In her Introduction to When Old Technologies Were New: Thinking About Electric Communication in the Late Nineteenth Century (1988), historian Carolyn Marvin makes some instructive comments about her method. Her study focuses on 19th century media technology, but, if you didn’t know that, you might be excused for thinking these comments introduced a book about digital media.
“The early history of electric media,” Marvin writes, “is less the evolution of technical efficiencies in communication than a series of arenas for negotiating issues crucial to the conduct of social life; among them, who is inside and outside, who may speak, who may not, and who has authority and may be believed.”
In her work, she explains, the focus “is shifted from the instrument to the drama in which existing groups perpetually negotiate power, authority, representation, and knowledge with whatever resources are available. New media intrude on these negotiations by providing new platforms on which old groups confront one another. Old habits of transacting between groups are projected onto new technologies that alter, or seem to alter, critical social distances.”
Passing note: I think it might be fair to say that new media can also create new groups or reconfigure existing groups.
“New media may change the perceived effectiveness of one group’s surveillance of another, the permissible familiarity of exchange, the frequency and intensity of contact, and the efficacy of customary tests for truth and deception. Old practices are then painfully revised, and group habits are reformed. New practices do not so much flow directly from technologies that inspire them as they are improvised out of old practices that no longer work in new settings.
Again, this description of the struggle for new norms to govern social interactions can just as easily be applied to our own experience with emerging digital media over the last two decades or so. I was especially struck by the reference to “customary tests for truth and deception,” in light of our preoccupation with “fake news” and “deepfakes.”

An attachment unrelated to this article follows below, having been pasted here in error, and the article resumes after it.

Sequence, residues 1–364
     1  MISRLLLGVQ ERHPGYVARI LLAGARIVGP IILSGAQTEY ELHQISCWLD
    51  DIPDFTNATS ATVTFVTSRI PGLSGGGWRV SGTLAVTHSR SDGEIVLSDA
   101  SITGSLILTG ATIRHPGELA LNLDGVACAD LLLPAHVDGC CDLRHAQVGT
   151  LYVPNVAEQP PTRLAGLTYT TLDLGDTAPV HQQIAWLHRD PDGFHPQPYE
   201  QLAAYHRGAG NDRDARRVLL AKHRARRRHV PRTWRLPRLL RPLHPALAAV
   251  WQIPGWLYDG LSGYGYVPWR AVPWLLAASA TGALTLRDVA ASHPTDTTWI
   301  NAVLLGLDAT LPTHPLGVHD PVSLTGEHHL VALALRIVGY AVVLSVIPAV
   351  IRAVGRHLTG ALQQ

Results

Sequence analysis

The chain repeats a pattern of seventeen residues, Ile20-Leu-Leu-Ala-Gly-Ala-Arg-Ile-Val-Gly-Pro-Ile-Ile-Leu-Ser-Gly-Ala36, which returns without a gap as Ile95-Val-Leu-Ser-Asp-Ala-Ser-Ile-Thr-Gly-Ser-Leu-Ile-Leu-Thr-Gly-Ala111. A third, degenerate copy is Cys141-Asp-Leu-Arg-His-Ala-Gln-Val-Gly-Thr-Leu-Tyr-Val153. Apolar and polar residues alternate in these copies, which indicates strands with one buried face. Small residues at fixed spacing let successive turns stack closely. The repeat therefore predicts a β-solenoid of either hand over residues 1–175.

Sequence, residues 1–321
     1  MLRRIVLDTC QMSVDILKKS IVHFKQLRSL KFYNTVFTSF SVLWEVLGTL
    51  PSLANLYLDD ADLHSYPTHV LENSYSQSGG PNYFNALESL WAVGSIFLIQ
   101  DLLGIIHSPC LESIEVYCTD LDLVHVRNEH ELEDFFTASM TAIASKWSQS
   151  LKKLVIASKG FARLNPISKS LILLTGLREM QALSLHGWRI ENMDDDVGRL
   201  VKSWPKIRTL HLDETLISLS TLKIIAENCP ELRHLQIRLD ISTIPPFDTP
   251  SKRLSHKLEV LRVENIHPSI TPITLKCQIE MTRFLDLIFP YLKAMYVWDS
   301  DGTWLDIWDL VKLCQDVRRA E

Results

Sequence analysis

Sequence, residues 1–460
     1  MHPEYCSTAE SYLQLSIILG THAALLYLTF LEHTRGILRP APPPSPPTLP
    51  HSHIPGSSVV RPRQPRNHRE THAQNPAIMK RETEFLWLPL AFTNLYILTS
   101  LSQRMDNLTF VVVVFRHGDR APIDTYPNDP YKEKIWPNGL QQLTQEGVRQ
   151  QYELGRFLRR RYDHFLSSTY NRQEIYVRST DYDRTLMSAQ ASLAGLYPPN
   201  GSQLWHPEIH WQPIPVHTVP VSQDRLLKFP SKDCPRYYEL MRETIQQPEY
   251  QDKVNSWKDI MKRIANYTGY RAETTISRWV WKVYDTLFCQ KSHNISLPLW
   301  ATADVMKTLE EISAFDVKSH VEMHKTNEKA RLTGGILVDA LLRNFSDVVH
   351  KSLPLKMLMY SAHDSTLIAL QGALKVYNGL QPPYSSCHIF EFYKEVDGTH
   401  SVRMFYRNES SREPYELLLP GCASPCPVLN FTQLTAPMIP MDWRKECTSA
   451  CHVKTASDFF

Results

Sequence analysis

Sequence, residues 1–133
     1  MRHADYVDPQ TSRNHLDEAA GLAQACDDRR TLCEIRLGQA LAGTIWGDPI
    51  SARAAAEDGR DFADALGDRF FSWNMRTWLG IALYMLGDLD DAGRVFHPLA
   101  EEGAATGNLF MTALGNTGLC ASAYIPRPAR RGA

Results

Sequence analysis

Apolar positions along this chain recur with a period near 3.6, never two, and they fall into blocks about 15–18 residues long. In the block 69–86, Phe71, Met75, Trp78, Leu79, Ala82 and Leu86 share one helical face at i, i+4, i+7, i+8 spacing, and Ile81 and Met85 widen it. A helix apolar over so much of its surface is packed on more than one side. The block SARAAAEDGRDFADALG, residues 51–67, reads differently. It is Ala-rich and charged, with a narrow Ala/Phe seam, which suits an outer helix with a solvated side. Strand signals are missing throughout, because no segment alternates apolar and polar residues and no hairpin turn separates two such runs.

More from Marvin along the same strikingly familiar lines:
“Classes, families, and professional communities struggled to come to terms with novel acoustic and visual devices that made possible communication in real time without real presence, so that some people were suddenly too close and others much too far away. New kinds of encounters collided with old ways of determining trust and reliability, and with old notions about the world and one’s place in it: about the relation of men and women, rich and poor, black and white, European and non-European, experts and publics.”
Here’s one specific example Marvin cites later in her book that also sounds quite familiar if only we substitute texting for telephony:
“In the face of technological complexity, did the old proprieties apply, or did circumstances call for new ones to keep the social order intact? ‘To the woman who knows how to do things correctly,’ wrote Telephony in 1905, ‘it is positively maddening to have invited guests ‘call her up’ at a late date and acknowledge the receipt of her invitation and either accept or regret it. Especially nerve-trying is when the call comes in the middle of the dinner to which the person was invited.'”
I found these excerpts a useful reminder that there is a certain kind of continuity of crisis when new media emerge. They are useful, however, to the degree that we resist the temptation to complacency and indifference that often accompanies the awareness of this continuity.